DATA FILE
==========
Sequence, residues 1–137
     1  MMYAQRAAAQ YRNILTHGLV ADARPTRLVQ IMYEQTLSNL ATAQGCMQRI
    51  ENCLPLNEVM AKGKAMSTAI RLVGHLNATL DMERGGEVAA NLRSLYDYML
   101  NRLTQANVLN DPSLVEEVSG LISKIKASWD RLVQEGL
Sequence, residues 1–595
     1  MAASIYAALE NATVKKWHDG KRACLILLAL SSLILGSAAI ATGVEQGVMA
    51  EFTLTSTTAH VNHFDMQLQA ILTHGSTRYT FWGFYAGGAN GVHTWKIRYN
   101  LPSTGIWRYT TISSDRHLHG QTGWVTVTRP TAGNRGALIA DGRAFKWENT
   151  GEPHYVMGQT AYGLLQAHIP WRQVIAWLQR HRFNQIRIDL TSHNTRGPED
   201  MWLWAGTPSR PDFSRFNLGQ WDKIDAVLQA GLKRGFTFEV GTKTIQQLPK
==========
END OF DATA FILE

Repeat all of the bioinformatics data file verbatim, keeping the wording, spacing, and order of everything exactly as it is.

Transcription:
Sequence, residues 1–137
     1  MMYAQRAAAQ YRNILTHGLV ADARPTRLVQ IMYEQTLSNL ATAQGCMQRI
    51  ENCLPLNEVM AKGKAMSTAI RLVGHLNATL DMERGGEVAA NLRSLYDYML
   101  NRLTQANVLN DPSLVEEVSG LISKIKASWD RLVQEGL
Sequence, residues 1–595
     1  MAASIYAALE NATVKKWHDG KRACLILLAL SSLILGSAAI ATGVEQGVMA
    51  EFTLTSTTAH VNHFDMQLQA ILTHGSTRYT FWGFYAGGAN GVHTWKIRYN
   101  LPSTGIWRYT TISSDRHLHG QTGWVTVTRP TAGNRGALIA DGRAFKWENT
   151  GEPHYVMGQT AYGLLQAHIP WRQVIAWLQR HRFNQIRIDL TSHNTRGPED
   201  MWLWAGTPSR PDFSRFNLGQ WDKIDAVLQA GLKRGFTFEV GTKTIQQLPK